Lidos are the perfect example of this. In the 30s, 169 open-air swimming pools were built in Britain, making up the largest public infrastructural project the country had ever seen. In 1934, the art deco-style New Brighton Open Air Bathing Pool attracted more than one million swimmers. Four years later came the Saltdean Lido. Flaunting a glass facade, a generous sun deck and an enveloping curve, the Lido was restored in 2018 after narrowly escaping demolition, earning it the nickname of "the seventh wonder of the English seaside".

The English seaside isn't the only one with a penchant for art deco. Take a stroll along Marine Drive, on the southern tip of Mumbai, and you will see an ensemble of low-rise apartments that Salman Rushdie once described as "a glittering art-deco sweep… not even Rome could boast". In 2018, this sweep of waterfront buildings, together with another one along the nearby Oval Maidan park, were recognised by Unesco as part of a World Heritage site. Combined with a few more clusters of buildings with sweeping balconies, sculptural reliefs and Indian flourishes, the city's art-deco collection tops 600 buildings - about 200 short of Miami.

Miami Beach's Art Deco Historic District is home to the world's largest collection of art-deco buildings, which were built between 1923 and 1943. This is a neighbourhood replete with pastel structures, porthole windows, curved metal railings and flags, all duplicated from popular ocean liners once anchored at the Port of Miami.

Mumbai, Miami and New York - with its famous art-deco towers such as the Chrysler Building and Rockefeller Plaza - are among the cities that took the art-deco style and injected their own regional flavours. "The Indian version carries references to earlier Indian traditions," says Wright. "That's not really true of the Miami experience, which is much more flamboyant and colourful and more geometric."

In the UK, after the discovery of Tutankhamun's nearly intact tomb in 1922, Egyptian motifs entered the picture, as can be seen on buildings including Freemasons' Hall in Central London and Temple Works, the former flax mill designed to look like an ancient Egyptian temple in Leeds. Meanwhile, art deco by the sea was directly influenced by nautical streams and transport innovations like ocean liners.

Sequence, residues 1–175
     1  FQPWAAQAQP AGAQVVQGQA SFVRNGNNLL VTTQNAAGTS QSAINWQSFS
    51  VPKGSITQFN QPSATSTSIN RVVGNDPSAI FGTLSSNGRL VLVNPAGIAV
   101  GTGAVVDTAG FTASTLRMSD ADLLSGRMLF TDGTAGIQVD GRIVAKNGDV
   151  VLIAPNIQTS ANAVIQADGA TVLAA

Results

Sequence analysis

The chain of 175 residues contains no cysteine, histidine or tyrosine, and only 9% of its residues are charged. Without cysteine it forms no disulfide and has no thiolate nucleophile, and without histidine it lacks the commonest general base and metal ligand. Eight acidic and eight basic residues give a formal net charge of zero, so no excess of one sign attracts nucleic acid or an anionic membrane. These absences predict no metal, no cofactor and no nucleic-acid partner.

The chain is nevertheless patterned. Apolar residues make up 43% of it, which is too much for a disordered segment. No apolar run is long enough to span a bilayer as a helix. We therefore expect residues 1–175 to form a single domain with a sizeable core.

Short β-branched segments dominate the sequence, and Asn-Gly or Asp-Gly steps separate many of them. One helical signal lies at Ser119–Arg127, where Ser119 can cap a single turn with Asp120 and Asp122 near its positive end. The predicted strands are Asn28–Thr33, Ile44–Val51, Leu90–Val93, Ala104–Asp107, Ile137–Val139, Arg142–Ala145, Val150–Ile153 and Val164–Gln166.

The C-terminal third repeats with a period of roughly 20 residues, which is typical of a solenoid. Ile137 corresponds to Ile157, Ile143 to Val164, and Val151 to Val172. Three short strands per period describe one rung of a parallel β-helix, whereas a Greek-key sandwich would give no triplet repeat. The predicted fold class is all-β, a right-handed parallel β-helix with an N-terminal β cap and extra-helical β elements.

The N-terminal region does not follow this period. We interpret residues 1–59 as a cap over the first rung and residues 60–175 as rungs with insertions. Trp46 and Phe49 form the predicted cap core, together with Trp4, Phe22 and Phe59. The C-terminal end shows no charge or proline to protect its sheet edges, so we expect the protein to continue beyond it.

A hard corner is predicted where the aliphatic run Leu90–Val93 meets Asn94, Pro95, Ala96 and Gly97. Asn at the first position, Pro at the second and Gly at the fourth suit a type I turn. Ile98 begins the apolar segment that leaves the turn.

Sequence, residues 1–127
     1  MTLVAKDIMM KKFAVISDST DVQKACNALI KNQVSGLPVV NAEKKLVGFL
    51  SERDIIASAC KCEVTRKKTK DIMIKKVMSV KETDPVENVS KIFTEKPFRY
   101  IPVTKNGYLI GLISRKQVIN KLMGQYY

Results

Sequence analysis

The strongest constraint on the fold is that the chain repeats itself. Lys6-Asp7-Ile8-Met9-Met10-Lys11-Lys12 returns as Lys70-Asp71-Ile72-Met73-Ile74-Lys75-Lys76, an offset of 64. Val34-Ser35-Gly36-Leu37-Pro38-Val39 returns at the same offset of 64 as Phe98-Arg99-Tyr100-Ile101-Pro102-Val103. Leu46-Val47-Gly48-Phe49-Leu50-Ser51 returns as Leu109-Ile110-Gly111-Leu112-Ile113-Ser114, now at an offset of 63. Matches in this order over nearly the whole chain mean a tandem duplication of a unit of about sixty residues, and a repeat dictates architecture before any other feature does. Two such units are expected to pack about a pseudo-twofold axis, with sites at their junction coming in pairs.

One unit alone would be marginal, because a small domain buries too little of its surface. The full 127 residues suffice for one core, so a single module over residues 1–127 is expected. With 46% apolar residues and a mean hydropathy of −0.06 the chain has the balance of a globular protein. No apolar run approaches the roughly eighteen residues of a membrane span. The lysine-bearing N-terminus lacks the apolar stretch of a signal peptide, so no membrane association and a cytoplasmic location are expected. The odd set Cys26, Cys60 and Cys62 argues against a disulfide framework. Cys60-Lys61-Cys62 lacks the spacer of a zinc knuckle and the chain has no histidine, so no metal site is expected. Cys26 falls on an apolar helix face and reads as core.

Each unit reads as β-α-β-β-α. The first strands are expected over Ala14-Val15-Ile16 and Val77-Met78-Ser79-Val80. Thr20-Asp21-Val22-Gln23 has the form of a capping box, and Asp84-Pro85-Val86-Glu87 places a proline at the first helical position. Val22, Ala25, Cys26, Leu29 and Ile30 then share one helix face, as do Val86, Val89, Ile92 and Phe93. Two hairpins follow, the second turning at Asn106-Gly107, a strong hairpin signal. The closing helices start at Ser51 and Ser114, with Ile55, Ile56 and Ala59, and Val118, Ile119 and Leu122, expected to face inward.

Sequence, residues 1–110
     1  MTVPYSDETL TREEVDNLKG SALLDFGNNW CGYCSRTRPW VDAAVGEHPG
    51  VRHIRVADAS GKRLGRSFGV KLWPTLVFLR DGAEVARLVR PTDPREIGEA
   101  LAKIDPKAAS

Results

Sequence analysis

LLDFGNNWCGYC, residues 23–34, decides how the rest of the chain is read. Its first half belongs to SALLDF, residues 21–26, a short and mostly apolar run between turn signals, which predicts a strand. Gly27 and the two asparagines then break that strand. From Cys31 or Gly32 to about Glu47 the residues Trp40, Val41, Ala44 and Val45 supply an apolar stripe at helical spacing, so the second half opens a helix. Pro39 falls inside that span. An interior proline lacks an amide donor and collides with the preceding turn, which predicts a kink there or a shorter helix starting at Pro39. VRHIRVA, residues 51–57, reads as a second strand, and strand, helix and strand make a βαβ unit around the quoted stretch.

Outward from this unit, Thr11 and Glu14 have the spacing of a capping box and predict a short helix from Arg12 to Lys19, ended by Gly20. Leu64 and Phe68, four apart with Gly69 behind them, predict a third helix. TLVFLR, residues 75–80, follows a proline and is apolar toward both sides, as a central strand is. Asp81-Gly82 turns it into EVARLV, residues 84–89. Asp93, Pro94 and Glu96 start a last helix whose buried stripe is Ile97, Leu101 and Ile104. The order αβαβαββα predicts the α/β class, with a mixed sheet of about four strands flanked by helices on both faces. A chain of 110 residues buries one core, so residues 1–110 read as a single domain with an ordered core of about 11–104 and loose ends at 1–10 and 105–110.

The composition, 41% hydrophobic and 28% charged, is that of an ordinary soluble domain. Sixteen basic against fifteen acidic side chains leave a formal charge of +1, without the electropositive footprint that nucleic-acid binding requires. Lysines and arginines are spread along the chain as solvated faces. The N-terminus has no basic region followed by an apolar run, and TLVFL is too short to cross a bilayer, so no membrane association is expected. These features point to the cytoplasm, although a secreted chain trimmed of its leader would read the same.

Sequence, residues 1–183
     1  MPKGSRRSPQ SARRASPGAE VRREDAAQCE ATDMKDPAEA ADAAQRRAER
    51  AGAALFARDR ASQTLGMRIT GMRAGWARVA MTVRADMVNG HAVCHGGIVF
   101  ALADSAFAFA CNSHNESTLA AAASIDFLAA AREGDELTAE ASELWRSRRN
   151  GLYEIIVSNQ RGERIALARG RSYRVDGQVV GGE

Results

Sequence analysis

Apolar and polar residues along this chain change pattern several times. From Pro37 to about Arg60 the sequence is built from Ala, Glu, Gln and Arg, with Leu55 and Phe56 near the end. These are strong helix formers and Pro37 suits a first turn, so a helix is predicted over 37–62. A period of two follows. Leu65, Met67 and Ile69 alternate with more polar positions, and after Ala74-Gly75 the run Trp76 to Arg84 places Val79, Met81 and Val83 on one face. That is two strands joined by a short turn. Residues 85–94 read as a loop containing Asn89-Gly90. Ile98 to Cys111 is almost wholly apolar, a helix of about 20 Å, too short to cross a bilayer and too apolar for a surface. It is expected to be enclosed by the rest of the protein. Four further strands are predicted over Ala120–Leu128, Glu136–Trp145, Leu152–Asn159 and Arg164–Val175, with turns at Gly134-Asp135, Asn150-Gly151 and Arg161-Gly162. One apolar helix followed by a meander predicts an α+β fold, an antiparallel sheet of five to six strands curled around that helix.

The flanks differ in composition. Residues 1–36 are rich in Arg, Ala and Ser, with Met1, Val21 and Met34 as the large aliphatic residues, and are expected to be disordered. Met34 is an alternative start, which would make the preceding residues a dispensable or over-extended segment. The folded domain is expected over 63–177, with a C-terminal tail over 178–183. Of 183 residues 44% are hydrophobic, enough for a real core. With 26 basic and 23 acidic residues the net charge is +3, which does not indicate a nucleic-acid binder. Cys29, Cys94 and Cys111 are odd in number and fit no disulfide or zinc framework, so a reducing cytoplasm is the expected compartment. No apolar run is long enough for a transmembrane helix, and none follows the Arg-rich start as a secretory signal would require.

The history of ocean liners began in the 1840s and ran out of steam out in the 60s, with the rise of commercial aviation. In 1867, French novelist Jules Verne sailed on Isambard Kingdom Brunel's SS Great Eastern, an iron sailing steamship regarded as the prototype of the modern ocean liner. "More than a vessel, it is a floating city, part of the country, detached from English soil," he later wrote in his novel, A Floating City, capturing the spirit of the ocean liner that was yet to reach its golden age.

From the 1920s onwards, ocean liners became floating archetypes of maritime engineering and elegant design - opulent temples that sailed across the Atlantic at ever record-breaking speeds. Ships like the SS Normandie captured the design world's attention. Marine Court, an art-deco apartment block in St Leonards-on-Sea, takes direct influence from the Queen Mary, its balconies bearing the same distinctive double curvature as the front of the luxury liner's superstructure.

Over the years, seawater has greatly damaged art-deco architecture on the coast. Naturally, restoring is expensive, but over the past few years, art deco has seen a new wave of appreciation. "Every period of architecture goes through the ugly valley," says Wright, referencing a vulnerable moment in the history of building's popularity, which generally occurs about 40-60 years into its history. "The longer it survives, the more people are going to like it. Art deco is there now, it's beautiful again."